You are here

Veto Rhetoric
Share

Veto Rhetoric
A Leadership Strategy for Divided Government



April 2023 | 256 pages | CQ Press
"While veto threats have a long history, presidents have come to be more reliant on this bargaining tool in the last few decades. Veto Rhetoric therefore serves as a nice companion to Sam Kernell's classic study, Going Public, which documented a similar trend with regards to presidential public appeals. Kernell's current study will no doubt once again lead presidential scholars to rethink how they understand and conceptualizing presidential-congressional relations."
- Joel Sievert, Texas Tech University

In Veto RhetoricSamuel Kernell offers a fresh, more sanguine perspective to understanding national policy making in this era of divided government. Contrary to the standard “separation of powers” representation of the veto which deals presidents a weak "take it or leave it” hand, Kernell shows that veto rhetoric forces Congress to pay careful heed of the president’s objections early in deliberations as legislation is forming. Moreover, the book introduces original statistical analysis to test the argument and extends previously reported analyses to include the Biden presidency. Veto Rhetoric will change the way students of Congress and the presidency assess their respective roles in making national policy. 
 
Chapter 1. Veto Threats’ Questionable Effectiveness
 
Chapter 2. Veto Threat Bargaining (VTB)
 
Chapter 3. Statements of Administration Policy
 
Chapter 4. Veto Threats as Public Events
 
Chapter 5. Veto Rhetoric and the Legislative Process
 
Chapter 6. Veto Rhetoric’s Impact on Legislation
 
Chapter 7. A Leadership Strategy for Divided Government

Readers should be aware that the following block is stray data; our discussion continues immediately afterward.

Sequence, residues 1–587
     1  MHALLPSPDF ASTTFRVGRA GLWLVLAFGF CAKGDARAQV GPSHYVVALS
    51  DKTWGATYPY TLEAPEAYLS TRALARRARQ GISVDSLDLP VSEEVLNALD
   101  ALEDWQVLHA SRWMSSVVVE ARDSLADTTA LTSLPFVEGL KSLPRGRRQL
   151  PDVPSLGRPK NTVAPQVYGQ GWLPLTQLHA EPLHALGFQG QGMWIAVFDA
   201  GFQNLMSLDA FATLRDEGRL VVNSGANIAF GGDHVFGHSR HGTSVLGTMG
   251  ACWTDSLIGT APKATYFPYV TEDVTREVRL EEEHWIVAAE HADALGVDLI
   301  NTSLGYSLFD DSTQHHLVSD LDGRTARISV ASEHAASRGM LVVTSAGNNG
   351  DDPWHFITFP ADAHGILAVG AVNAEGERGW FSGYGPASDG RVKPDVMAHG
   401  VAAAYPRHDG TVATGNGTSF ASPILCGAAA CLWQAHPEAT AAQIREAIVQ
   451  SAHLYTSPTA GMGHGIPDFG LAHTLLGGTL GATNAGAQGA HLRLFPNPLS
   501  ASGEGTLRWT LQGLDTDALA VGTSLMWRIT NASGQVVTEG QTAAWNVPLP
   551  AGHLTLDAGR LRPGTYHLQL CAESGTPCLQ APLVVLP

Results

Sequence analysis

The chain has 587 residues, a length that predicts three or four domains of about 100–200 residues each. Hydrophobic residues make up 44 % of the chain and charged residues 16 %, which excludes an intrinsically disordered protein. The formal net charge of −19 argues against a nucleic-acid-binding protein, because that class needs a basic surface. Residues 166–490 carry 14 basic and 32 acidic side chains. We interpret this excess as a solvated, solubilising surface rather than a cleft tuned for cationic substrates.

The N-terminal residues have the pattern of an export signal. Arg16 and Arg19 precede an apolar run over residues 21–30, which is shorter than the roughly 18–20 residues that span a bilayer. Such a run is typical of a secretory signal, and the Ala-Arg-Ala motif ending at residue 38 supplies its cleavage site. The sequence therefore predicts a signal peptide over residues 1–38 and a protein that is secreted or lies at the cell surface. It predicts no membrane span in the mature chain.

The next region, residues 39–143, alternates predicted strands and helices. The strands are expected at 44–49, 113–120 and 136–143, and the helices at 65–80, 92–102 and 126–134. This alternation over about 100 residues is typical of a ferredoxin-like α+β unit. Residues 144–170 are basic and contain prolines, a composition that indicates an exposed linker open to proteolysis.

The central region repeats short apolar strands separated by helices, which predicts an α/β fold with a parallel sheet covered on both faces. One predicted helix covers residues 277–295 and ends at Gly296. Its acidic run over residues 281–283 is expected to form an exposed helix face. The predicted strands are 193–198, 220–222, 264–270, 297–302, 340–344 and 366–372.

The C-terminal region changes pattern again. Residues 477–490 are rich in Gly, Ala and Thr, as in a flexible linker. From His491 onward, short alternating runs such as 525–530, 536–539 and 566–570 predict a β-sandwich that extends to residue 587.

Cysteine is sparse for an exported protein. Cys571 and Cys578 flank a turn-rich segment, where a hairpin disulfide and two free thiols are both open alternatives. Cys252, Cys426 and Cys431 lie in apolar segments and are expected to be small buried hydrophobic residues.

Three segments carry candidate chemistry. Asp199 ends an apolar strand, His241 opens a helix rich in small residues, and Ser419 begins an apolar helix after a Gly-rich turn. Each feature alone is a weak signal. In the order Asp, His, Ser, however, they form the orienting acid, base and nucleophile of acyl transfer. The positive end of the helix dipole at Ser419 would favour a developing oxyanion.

References

Too often the examination of vetoes is limited to looking at the cases where negotiations between the president and Congress breakdown and a veto is issued. Veto Rhetoric provides exciting new evidence on veto threats by examining a rich, original dataset of presidential statements of administration policy in addition to narrative evidence based on archival research at numerous presidential libraries. Scholars and students interested in the presidency, Congress, and the policymaking process will all benefit from reading this valuable contribution.

Brandice Canes-Wrone
Stanford University

While veto threats have a long history, presidents have come to be more reliant on this bargaining tool in the last few decades. Veto Rhetoric therefore serves as a nice companion to Sam Kernell's classic study, Going Public, which documented a similar trend with regards to presidential public appeals. Kernell's current study will no doubt once again lead presidential scholars to rethink how they understand and conceptualizing presidential-congressional relations.

Joel Sievert
Texas Tech University

For instructors

Purchasing options

Please select a format:

Order from: